The issuance of a building permit is not always ministerial and courts cannot rely on a mechanical distinction between ministerial and discretionary acts alone (see, Matter of Pius v. Bletsch, 70 N.Y.2d 920). The issuance of a building permit may be predicated upon compliance with conventional building codes (and thus qualify as a ministerial act) or may instead compel the municipal officer or agency to conduct a more elaborate environmental review, depending on the regulatory scheme underlying the act (see, Incorporated Village of Atlantic Beach v. Gavalas, 81 N.Y.2d 322). The court's decision in Historic Hornell Inc. v. City of Hornell Planning Board (19 Misc.3d 1108) is particularly instructive on this point.
Petitioners in the Hornell case brought an Article 78 proceeding, premised upon noncompliance with both local and state law, for a judgment to annul and vacate a demolition permit issued for the destruction of an historic building located in a special area known as the “City of Hornell Neighborhood Overlay District.” The underlying regulatory scheme was a local law which grafted an environmental compatibility review process onto projects in the Overlay District. That review process mandated consideration of four special criterion (in addition to compliance with conventional building considerations) before the municipal officer could issue a permit. Respondents argued they were exempt from conducting such a review because the issuance of the permit was a ministerial act. The court rejected this argument and held the municipal officer's duties were discretionary in nature because the local ordinance mandated an additional compatibility review using the four special criterion.
Here, the Town of Chautauqua adopted a Waterfront Consistency Law, grafting the LWRP guidelines onto the permit issuing process. Relevantly, a project rising to the level of an “action” and when undertaken in the waterfront area (much like the Overlay District in Hornell case) must first undergo an additional LWRP compliance review, which, in turn, would call upon the CEO to evaluate over a dozen environmental considerations. Accordingly, the CEO (unless otherwise exempted) is called upon to exercise discretionary duties when an action is to be undertaken in the waterfront area.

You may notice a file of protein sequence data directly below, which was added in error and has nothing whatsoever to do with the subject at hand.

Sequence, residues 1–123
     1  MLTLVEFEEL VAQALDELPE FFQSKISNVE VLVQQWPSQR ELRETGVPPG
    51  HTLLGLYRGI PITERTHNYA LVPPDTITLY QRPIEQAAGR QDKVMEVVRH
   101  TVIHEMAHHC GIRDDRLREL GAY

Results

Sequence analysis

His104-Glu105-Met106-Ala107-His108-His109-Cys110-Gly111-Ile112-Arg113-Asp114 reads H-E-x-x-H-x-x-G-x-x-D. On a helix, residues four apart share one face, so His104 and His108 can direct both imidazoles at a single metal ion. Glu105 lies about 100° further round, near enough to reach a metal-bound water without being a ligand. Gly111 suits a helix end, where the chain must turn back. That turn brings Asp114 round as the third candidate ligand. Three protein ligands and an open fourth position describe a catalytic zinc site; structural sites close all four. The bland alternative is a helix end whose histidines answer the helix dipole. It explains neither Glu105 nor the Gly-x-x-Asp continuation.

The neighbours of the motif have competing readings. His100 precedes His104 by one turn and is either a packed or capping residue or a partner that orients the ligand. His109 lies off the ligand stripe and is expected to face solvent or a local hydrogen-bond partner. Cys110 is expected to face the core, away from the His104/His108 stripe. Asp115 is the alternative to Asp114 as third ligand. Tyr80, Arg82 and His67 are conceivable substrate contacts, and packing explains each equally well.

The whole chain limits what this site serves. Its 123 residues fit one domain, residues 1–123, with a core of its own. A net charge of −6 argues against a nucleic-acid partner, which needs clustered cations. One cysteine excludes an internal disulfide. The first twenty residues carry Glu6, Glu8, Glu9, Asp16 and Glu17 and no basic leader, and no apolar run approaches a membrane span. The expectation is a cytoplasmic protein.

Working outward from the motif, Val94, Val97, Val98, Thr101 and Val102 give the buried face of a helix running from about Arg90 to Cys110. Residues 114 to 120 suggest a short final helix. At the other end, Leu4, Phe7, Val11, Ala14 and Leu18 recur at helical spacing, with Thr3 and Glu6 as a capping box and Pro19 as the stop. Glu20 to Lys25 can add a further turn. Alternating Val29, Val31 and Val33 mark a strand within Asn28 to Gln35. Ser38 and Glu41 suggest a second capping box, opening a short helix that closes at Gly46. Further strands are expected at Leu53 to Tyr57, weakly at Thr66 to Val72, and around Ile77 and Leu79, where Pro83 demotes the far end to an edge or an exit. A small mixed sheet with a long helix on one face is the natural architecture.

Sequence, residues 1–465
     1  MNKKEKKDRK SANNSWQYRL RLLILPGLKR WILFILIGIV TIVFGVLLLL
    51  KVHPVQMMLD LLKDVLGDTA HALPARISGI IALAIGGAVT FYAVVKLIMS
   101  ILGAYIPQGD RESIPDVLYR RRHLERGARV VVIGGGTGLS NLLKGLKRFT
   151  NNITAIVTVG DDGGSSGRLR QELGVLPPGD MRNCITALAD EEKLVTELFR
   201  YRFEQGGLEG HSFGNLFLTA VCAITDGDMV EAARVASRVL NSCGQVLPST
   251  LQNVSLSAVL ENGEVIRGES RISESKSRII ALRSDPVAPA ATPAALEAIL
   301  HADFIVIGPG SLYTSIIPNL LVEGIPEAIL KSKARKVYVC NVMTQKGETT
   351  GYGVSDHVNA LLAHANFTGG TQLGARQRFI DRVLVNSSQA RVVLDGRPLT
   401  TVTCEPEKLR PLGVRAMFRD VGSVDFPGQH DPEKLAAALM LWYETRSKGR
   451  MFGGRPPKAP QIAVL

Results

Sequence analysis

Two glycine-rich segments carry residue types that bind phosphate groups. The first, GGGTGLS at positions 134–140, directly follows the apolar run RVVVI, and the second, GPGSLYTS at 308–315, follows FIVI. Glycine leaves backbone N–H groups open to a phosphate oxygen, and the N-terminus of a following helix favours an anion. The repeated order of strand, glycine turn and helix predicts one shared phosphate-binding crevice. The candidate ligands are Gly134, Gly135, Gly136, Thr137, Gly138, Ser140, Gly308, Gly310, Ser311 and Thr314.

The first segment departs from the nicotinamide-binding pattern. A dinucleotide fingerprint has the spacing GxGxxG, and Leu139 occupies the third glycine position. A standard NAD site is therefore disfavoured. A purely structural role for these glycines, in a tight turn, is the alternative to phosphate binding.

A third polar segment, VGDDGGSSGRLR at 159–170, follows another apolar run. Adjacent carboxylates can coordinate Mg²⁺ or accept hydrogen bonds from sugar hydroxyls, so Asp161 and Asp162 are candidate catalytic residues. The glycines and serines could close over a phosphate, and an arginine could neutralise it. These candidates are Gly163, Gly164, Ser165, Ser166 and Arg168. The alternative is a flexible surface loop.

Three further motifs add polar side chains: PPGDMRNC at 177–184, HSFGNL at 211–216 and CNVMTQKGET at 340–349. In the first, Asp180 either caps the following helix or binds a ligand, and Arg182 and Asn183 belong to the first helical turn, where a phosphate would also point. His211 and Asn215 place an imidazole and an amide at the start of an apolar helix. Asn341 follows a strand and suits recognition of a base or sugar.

The CI and its amphitheater are clearly within the waterfront area. This is not to say, however, that every construction project within that area must undergo a LWRP consistency review and SEQRA environmental assessment review.
Pursuant to the underlying regulatory scheme in this case, it is only when the waterfront area project constitutes an “action” that the CEO must consider environmental factors; that is what adds discretionary duties to his normally limited, ministerial ones. As previously noted, the underlying regulatory scheme also contains exemptions, relieving the CEO from considering environmental criterion. In such an event, the CEO need only consider conventional building code criterion before issuing a permit.
Respondent urges that such an exemption also applies; specifically, that the amphitheater project is a “replacement, rehabilitation or reconstruction of a structure or facility, in kind, on the same site” and thus a “minor action.” If the amphitheater project is correctly classified as a “minor action” under the local law (and a corresponding Type II action under state law), issuing permits would correctly be characterized as a “ministerial act” of the CEO, thus exempting the respondents from the LWRP and SEQRA environmental review processes.
In order to constitute a replacement in kind, exact replication is not required. A replacement in kind will be effected if a new facility has a substantially similar use as the old facility (see, Manhattan Valley Neighbors v. Koch, 168 A.D.2d 262, 263; Matter of Anderberg v. New York State Department of Environmental Conservation, 141 Misc.2d 594).
The Board of Trustees undertook significant efforts to replicate the shape, form, look and feel of the current structure. The proposed amphitheater will have the same use and purpose as the current one and it is located in the same place. It therefore constitutes a “replacement, rehabilitation or reconstruction of a structure or facility, in kind, on the same site.” Accordingly, the CEO was and is exempted from conducting environmental reviews under state or local law. The issuance of the permits were correctly predicated on the applicant's compliance with the relevant local building code, rendering the CEO's duties ministerial in nature. In short, respondents acted properly in all respects.
In order to be entitled to a preliminary injunction, petitioners must show a probability of success, danger of irreparable injury in the absence of an injunction, and a balance of the equities in their favor. Aetna Insurance Co. v. Capasso (75 N.Y.2d 860). The respondents did not act unlawfully, capriciously or arbitrarily, as alleged by the petitioners. Consequently, they have not shown a probability of success and their request for injunctive relief must be denied.
Respondents have made a motion to dismiss the Petition (in lieu of filing a formal Answer) and have addressed the merits of the Petition in their dismissal motion. As previously stated, respondents acted lawfully and properly in all respects. Because petitioners' claims have been resolved in the respondents' favor and as a matter of law, the Petition is dismissed in its entirety.
The foregoing shall constitute the Order of this Court.
FRANK A. SEDITA III, J.